To Celebrate and to Pray ---- Chinese Valentine's Day Customs
The double seventh is the only Chinese festival devoted to love in the Lunar calendar. Actually, in ancient China, Qixi was not only a special day for lovers, but also for girls. As early as the Han Dynasty (206BC-220AD), girls began to celebrate Double Seven Festival in China. What was behind their celebration was their desire for the mastery of knitting, cooking, and home making, each of which was a must to be a fair lady at that time. As a result, girls would make tables, light candles, and present fruits in their courtyard in the hope of being blessed with these skills from the Weaving Maid. So the festival is also known as the "Begging for Needlecrafts Festival" or "Daughters' Festival." Although later the festival became associated with a love story, these activities survived.
A girl will be more attractive to a suitor if she has talents of one kind or another in addition to being beautiful. In the old days of China, needlework was necessary as part of a girl's dowry. Since the Weaving Maid is also an excellent seamstress, on the double seventh in ancient China, girls would hold weaving and needlework competitions to see who had the best hands and the brightest mind, both prerequisites for making a good wife and mother at that time. Just imagine, against the blue sky where the bright moon smiles, a pretty girl would thread the needle deftly…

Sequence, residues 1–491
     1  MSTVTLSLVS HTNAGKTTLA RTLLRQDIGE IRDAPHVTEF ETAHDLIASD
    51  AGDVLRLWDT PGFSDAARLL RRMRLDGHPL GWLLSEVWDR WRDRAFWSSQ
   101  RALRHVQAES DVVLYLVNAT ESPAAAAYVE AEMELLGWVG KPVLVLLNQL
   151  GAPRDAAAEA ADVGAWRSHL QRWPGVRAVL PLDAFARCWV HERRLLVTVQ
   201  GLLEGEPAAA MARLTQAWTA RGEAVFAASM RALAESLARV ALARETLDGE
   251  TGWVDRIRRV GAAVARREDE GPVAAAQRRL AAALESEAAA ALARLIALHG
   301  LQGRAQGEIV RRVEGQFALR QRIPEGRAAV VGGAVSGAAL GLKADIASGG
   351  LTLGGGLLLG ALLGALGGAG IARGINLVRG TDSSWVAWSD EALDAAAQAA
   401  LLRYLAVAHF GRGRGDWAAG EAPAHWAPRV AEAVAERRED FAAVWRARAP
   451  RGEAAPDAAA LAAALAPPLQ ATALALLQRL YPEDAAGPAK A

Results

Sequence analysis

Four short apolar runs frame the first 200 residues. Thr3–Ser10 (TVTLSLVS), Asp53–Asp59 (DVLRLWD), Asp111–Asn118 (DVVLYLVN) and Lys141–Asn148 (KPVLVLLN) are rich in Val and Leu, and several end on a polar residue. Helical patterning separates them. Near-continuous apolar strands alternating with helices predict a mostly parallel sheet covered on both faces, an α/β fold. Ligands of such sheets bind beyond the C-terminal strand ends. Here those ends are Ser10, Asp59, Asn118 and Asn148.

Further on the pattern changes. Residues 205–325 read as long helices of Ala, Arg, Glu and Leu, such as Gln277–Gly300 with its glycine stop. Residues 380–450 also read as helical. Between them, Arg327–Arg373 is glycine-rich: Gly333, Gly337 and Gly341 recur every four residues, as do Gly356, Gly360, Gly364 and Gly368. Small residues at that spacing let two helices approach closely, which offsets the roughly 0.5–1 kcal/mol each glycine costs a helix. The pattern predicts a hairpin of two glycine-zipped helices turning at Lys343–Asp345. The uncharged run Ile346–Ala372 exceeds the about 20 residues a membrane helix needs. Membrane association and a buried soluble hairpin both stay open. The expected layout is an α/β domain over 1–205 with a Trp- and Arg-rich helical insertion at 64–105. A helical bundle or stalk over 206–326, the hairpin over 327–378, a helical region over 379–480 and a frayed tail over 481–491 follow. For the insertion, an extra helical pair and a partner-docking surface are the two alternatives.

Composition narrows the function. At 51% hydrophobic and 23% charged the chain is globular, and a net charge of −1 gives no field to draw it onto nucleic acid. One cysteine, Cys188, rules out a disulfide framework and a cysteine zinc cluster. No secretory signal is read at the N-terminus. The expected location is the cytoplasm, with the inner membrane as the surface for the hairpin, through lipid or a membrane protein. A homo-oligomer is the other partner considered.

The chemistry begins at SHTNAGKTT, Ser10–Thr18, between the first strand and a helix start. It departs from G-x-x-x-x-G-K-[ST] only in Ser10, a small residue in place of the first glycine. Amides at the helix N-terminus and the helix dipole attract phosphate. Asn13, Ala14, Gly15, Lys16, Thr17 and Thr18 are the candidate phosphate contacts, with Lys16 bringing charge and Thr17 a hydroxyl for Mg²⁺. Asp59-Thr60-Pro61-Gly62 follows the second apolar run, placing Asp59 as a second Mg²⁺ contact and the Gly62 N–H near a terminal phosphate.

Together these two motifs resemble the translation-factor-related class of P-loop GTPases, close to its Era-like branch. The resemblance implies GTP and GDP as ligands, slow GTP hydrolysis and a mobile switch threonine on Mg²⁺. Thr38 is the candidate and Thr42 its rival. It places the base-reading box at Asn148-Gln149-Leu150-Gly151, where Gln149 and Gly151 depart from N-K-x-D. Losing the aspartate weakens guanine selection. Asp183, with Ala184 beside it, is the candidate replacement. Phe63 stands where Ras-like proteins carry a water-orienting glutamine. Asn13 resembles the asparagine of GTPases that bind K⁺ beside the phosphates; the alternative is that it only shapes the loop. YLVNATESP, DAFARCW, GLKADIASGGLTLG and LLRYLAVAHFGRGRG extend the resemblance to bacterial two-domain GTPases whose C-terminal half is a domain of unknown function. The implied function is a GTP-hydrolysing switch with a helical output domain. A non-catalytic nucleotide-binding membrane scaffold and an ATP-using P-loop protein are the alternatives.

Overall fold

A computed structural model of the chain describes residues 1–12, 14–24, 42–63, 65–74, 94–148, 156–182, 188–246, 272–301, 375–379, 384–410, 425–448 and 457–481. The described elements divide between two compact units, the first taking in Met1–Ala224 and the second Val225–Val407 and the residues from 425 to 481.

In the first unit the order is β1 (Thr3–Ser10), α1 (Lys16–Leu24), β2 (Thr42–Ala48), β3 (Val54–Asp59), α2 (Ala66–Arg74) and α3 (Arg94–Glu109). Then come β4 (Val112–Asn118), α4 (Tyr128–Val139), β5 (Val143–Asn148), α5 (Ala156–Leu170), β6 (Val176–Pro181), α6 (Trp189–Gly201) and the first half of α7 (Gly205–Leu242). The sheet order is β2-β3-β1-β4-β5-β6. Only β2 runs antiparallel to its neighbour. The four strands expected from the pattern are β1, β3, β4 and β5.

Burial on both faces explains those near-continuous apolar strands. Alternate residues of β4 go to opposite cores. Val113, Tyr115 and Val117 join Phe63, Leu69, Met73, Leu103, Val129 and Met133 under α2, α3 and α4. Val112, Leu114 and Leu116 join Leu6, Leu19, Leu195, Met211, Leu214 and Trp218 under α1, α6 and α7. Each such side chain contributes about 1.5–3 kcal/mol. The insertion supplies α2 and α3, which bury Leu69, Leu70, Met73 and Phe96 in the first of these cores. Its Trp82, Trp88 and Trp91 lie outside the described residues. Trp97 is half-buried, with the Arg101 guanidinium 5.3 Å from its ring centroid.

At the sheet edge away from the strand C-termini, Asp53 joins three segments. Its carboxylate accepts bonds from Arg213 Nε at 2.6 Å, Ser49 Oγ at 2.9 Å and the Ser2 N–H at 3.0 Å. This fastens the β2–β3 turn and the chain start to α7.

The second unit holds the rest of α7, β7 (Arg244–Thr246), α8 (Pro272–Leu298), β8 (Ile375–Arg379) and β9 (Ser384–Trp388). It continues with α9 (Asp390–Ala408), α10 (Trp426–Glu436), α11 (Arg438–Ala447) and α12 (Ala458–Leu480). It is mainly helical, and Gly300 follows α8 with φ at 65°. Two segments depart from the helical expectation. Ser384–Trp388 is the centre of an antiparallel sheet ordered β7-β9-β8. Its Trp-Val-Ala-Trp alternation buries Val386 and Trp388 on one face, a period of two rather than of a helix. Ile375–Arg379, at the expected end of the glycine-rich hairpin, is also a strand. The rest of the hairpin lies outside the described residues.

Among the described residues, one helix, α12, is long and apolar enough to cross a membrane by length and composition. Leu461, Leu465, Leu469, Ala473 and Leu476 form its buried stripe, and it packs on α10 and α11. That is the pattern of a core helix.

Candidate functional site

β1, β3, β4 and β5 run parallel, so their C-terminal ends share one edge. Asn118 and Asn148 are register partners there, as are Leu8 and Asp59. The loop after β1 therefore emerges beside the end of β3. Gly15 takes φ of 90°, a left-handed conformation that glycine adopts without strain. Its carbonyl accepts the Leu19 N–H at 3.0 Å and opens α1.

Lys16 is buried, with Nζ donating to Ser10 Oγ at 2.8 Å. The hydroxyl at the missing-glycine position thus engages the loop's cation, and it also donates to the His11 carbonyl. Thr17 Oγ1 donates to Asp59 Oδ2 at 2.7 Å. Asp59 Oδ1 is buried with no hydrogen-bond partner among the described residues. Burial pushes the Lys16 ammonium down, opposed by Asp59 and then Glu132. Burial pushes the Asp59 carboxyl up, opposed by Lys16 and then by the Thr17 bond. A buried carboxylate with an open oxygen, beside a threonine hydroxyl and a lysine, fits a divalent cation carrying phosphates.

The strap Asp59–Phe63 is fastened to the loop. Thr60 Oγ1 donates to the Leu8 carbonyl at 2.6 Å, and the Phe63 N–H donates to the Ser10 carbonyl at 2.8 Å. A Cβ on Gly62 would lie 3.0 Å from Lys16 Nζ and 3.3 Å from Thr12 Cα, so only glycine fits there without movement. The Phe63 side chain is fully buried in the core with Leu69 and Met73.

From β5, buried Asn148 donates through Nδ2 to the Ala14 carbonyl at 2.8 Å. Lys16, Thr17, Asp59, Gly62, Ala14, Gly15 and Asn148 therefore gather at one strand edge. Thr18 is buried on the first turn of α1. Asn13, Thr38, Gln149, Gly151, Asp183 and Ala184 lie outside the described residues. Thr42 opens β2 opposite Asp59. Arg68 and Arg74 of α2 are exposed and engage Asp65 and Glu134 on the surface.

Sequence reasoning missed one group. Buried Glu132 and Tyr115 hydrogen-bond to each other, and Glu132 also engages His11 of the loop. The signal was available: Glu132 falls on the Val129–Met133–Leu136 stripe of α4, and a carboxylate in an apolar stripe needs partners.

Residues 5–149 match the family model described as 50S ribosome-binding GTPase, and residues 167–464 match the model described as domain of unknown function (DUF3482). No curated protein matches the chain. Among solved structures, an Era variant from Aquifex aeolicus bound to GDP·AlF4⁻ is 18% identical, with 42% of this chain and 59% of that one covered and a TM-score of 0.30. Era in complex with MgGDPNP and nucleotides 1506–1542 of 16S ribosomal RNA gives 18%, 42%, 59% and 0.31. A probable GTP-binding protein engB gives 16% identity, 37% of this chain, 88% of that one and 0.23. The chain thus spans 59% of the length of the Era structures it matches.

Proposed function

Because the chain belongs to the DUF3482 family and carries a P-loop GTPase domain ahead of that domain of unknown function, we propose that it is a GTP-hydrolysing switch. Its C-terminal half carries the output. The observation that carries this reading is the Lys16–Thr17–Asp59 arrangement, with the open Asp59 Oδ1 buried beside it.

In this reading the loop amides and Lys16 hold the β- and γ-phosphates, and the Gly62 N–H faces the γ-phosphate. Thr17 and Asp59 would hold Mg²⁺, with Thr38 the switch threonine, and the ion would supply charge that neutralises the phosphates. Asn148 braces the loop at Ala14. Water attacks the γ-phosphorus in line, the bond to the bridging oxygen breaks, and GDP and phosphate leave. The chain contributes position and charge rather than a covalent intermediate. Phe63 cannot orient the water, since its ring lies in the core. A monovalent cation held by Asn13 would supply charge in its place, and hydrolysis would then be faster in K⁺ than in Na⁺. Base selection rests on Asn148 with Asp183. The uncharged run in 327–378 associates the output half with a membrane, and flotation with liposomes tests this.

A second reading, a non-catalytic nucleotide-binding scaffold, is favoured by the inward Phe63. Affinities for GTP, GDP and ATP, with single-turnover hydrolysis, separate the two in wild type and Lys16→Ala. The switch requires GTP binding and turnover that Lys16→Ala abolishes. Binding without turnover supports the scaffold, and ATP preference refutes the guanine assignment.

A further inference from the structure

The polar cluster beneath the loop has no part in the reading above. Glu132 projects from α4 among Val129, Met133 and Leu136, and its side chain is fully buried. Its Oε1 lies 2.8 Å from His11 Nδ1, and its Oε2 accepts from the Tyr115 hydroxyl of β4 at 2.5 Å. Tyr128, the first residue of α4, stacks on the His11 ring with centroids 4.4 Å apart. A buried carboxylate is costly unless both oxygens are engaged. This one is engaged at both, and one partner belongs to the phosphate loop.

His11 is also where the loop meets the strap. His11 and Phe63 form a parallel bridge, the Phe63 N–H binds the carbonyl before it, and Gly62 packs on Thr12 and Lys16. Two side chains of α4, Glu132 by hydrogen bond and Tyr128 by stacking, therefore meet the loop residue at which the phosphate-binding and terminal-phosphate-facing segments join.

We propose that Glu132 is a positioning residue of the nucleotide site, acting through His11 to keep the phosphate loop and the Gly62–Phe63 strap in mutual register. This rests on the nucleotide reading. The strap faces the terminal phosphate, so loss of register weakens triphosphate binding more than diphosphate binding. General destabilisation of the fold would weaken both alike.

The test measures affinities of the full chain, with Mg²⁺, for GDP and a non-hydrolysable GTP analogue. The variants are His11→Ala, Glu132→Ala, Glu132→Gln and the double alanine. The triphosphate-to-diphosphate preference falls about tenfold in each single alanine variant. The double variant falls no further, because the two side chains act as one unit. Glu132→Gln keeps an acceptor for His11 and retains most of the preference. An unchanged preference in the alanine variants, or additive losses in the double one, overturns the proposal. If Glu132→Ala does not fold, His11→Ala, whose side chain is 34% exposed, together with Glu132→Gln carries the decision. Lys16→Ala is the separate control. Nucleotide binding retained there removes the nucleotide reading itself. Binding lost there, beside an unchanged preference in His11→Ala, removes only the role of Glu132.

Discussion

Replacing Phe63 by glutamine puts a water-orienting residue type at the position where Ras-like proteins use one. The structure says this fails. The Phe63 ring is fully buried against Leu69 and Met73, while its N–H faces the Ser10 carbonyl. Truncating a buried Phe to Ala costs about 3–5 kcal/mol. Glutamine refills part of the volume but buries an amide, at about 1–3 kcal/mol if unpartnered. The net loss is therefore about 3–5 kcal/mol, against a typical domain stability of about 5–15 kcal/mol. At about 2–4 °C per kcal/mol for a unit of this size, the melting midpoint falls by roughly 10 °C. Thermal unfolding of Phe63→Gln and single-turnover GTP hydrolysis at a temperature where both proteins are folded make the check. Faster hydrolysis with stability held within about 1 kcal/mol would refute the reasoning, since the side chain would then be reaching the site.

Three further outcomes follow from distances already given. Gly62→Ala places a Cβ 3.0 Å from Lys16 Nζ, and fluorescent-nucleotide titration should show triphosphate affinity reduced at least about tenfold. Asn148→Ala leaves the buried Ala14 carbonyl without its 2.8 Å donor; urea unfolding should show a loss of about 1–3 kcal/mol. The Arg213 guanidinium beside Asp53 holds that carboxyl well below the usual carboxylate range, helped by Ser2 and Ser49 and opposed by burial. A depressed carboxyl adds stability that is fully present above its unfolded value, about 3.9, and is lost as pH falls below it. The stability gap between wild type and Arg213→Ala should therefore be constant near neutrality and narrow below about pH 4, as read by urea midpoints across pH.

The methods of keeping the skin fair and glowing by using blossoms have never been a secret to Chinese girls. On the double seventh, girls would put blossoms into a copper basin of water. The water, which would absorbe the essence of the blossoms, was said to be good to girls' skin when they washed their face.
On the double seventh, girls would not forget to gather and sing a song called Qiqiao (Begging for Needlecrafts). The song expressed their sweet wishes of longevity for their parents and firm friendship for their "sisters."
4. The Maid "Shrine"
Girls would also put up colorful "shrines" made of paper, fresh fruit, flowers, and incense as a tribute to the Weaving Maid and the cowherd. In some parts of Shandong Province (in East China), young women offered fruit and pastries to pray for a bright mind. If spiders were seen weaving webs on sacrificial objects, it was believed the Weaving Maid was giving a positive reply to the prayers.